Businesses concerned about food truck next door
Many brick and mortar restaurants are dealing with the added competition of food trucks in Traverse City.
That tension is higher for Cousin Jenny's on Union Street, where a trailer is set up for business right behind their building.
â??The general consensus is that it's appalling, it's disrespectful, it's ridiculous,â?? said Cousin Jennyâ??s Owner Jerilyn deBoer. â??We invest in the community and pay taxes year-round, and then the food trailer comes in at the prime time. What have they invested?â??
King Wubbz Pita Dubz has set up shop in a parking space immediately behind Cousin Jenny's.
â??Being stationary downtown is a lot easier,â?? explained Brian Welburn, King Wubbz owner. â??You're not packing up every night and you're able to stay in one spot.â??
It's a private parking spot and has no affiliation to the pasty restaurant.
â??[Customers] do not know why that food trailer is back there. They're trying to figure out if it's ours or who it belongs to,â?? said deBoer.
City Clerk Benjamin Marintette has fielded questions regarding the trailer's position. He says despite the concerns, King Wubbz has every right to be there.
â??Is it acceptable for somebody to essentially operate on private property right next to another food service establishment? Is it acceptable for them to have customers lined up down the sidewalk? The answer is yes,â?? stated Marintette. â??There are specific areas public areas where theyâ??re allowed to operate and they're essentially allowed to operate on any private property.â??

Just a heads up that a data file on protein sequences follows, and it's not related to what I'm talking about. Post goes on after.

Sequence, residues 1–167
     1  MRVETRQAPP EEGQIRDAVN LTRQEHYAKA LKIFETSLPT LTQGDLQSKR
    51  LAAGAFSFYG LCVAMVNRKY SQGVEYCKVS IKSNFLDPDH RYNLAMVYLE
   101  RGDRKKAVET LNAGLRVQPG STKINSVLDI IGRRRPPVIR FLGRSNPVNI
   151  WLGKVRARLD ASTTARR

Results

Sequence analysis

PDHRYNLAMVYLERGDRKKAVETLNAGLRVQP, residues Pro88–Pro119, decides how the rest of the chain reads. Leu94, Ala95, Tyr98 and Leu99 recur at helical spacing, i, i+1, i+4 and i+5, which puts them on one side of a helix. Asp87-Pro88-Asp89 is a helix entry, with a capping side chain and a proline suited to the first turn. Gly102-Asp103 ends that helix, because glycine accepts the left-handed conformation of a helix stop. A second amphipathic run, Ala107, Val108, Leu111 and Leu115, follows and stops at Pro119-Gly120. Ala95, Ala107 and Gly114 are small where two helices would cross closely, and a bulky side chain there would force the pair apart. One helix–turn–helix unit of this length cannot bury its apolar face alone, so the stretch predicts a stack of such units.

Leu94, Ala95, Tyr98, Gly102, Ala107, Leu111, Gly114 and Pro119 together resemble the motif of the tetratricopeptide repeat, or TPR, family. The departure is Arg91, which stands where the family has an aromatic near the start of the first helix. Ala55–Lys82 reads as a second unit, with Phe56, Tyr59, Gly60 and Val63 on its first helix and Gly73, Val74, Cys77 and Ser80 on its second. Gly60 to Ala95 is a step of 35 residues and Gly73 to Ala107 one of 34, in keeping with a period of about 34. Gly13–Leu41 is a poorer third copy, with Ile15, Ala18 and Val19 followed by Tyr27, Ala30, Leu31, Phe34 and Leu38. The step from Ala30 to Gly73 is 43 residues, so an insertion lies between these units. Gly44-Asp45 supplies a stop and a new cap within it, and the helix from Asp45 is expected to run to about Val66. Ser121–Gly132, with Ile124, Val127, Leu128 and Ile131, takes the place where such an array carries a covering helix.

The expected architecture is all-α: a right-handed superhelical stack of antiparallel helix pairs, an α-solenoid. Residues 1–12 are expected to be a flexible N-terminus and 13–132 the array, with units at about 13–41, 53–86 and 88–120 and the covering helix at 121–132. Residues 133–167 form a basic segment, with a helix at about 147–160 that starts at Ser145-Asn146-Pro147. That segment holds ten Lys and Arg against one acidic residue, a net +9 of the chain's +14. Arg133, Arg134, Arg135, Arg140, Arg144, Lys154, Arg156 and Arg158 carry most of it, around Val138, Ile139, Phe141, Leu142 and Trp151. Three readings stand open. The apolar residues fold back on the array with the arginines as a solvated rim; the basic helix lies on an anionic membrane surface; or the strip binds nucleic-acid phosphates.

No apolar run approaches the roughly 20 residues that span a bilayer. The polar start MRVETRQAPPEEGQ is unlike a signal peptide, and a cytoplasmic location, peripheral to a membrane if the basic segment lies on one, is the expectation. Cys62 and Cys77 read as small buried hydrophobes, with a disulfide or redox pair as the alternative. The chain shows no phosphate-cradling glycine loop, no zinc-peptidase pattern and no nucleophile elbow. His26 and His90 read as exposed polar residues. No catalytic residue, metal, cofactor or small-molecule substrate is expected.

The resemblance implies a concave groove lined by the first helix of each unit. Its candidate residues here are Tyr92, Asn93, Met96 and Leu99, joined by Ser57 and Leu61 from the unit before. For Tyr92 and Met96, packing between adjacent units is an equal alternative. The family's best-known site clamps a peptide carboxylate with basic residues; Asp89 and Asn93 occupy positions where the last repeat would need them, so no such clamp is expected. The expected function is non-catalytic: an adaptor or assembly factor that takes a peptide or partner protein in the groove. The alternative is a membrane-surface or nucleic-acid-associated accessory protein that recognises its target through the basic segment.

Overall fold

Under the current ordinance, food trucks are allowed to stay open from 7 a.m. to 11 p.m. on commercial, public property. Hours of business are extended for trucks on private property. They can operate from 6 a.m. to 3 a.m.
Welburn wanted to cater to the late night crowd, so he did his homework.
â??I researched where I could find a private lot and I was able to find this. I got a hold of the people who own this parking spot and I have a lease through them,â?? Welburn explained.
Many people aren't against food trucks in general, but they say this one seems to be misplaced.
â??Thereâ??s a place for food trucks, and thereâ??s not a place for food trucks,â?? said Carl Johnson of Traverse City. â??When they get to the point where they're taking business from established businesses that are paying taxes and are trying to run a business, then I think they should be somewhere else.â??
â??He seems to think it's about competition, about pita versus pasties, and it's not about that,â?? said deBoer. â??I think that this tarnishes not only the image of the building, but also the image of Cousin Jenny's.
This issue doesn't only impact Traverse City. Boyne City is considering adopting a similar food truck ordinance.
The owner of Cousin Jenny's says she's gotten calls from restaurants and officials in Boyne City wondering if it could happen to them too.